A review of “I Served the King of England” by Jeanne Aufmuth

 

Stars: ***

Rating: R for nudity and sexual situations

Run Time: 1 hour, 58 minutes. In Czech with English subtitles

 

 

Czech director Jirí Menzel casts a wide net in this fanciful tale of life, love and the relentless march of time.

Jan Dite (Oldrich Kaiser) is trying to make sense of his life as he’s released from a Czech prison into a rapidly changing world. In a series of catchy flashbacks Jan’s true story is revealed; the dream of becoming a millionaire, buying a small hotel and marrying a rich bride – not necessarily in that order.

Naturally Jan (the younger played by the remarkable Ivan Barnev) starts at the bottom, peddling hot dogs at the railway station and moving to a lowly waiter position in a simple Prague café. Jan aggravates his boss but charms his patrons, in particular a wealthy scales salesman who imparts some valuable wisdom.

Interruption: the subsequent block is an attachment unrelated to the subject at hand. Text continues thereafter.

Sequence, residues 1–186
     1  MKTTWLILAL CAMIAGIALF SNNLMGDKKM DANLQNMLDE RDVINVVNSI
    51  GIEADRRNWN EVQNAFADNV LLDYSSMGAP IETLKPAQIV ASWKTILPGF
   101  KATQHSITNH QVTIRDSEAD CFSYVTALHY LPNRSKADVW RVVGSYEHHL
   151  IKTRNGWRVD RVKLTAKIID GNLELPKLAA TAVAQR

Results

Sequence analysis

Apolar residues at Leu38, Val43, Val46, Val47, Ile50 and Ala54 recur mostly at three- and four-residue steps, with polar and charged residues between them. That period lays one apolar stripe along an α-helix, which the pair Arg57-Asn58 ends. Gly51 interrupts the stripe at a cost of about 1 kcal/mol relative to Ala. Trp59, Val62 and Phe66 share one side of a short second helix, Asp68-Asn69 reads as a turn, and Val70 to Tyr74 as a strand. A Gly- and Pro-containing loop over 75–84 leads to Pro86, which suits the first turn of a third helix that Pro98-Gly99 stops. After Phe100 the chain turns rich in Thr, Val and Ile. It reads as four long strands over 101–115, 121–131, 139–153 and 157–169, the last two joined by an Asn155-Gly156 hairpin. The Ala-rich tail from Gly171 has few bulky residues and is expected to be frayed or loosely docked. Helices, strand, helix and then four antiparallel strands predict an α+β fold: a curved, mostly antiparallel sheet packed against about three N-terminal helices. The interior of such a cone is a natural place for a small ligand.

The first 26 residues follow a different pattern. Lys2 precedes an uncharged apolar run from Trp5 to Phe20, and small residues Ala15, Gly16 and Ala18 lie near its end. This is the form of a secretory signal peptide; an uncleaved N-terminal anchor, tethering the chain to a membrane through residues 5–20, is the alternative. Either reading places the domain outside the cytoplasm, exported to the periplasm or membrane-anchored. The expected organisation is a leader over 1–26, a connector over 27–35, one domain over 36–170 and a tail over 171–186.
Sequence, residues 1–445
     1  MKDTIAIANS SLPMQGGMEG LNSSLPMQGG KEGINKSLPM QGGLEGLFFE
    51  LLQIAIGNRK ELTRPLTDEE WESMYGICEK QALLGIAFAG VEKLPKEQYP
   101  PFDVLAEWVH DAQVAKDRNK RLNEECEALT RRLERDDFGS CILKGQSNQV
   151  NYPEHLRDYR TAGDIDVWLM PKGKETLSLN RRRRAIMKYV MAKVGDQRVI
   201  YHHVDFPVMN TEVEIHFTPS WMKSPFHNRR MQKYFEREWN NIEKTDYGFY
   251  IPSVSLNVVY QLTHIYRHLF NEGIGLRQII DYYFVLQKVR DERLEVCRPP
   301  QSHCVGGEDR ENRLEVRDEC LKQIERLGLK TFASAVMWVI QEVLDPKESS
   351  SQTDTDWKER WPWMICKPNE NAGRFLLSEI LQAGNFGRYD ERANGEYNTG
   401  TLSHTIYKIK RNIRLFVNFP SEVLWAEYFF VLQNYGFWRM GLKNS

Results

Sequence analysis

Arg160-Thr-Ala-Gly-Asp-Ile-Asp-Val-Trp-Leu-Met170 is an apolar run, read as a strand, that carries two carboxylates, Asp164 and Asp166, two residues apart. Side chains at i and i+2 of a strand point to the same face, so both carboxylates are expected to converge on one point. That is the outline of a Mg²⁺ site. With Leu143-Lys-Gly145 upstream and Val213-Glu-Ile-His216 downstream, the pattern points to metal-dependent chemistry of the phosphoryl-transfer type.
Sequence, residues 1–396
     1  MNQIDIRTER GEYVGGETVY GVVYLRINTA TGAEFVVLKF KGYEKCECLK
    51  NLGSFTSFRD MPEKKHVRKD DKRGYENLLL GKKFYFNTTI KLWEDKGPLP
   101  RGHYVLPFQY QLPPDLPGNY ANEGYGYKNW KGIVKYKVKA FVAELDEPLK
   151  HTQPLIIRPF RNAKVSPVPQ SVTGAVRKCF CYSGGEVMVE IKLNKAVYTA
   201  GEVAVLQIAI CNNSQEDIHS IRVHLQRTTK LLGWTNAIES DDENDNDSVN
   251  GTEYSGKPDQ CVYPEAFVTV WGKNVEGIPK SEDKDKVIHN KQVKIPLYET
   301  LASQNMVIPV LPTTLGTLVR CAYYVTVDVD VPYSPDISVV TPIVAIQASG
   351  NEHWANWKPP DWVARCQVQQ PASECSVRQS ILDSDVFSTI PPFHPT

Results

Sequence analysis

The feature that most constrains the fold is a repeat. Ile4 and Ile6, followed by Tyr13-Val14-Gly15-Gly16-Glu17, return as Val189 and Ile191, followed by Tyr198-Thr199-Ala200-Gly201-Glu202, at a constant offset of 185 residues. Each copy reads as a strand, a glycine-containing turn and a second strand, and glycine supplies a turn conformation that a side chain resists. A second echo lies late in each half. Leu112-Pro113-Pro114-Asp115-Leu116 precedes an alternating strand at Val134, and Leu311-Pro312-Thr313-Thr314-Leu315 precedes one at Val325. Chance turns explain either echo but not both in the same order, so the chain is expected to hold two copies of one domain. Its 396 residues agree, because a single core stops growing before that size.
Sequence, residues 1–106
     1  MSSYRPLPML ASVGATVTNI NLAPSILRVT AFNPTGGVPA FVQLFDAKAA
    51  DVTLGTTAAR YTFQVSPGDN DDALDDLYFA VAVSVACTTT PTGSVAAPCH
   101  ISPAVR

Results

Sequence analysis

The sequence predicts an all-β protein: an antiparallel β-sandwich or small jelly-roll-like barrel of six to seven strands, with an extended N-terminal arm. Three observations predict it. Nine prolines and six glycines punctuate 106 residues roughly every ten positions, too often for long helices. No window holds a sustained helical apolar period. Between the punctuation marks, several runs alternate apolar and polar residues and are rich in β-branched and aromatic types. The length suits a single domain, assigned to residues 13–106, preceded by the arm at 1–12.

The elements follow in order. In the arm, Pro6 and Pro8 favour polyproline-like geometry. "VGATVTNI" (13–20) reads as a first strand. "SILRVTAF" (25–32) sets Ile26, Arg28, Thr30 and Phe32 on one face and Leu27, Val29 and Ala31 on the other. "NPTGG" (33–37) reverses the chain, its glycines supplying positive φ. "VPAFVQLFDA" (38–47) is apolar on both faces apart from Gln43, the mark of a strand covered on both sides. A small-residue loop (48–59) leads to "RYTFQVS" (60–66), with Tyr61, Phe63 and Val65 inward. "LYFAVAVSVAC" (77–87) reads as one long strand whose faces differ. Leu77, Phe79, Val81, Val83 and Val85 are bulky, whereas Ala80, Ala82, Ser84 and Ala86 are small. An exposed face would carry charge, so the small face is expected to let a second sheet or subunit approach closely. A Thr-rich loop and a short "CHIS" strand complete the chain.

As the plucky Jan climbs his way up to four-star restaurant status and woos a series of spirited lovers the scenarios edge closer to fantasy than reality. Musical trees and floating currency appear “Amelie” –style, eccentric yet rich in nuance. But “King” loses its footing by toying with calculated whimsy – rich industrialists and gloriously beautiful women cavorting on the grounds of an exclusive hotel without point or profit.

On the flip side is a grand Ethiopian banquet that thrills with hedonistic charm; our intrepid hero on the sidelines garnering professional kudos with sweet-tempered aplomb.

The narrative takes another sharp turn with the onset of dramatic pre-WWII turmoil. Jan observes the pitfalls of Prague’s insufferable German occupation and complicates matters by falling for a devoted mistress of the Reich.

Barnev manages Menzel’s vacillating moods with persistent goodwill, never losing sight of his character’s inherent goodness. When Menzel wallows too deeply in the sinister undertones of an Aryan breeding experiment his Jan prevails with genial tolerance.

With a significant trim of its elegant irony “King” could be a classic, reminiscent of Roberto Benigni’s “Life is Beautiful”. Light on dark, good on evil; pity the lack of focus in this otherwise engaging import.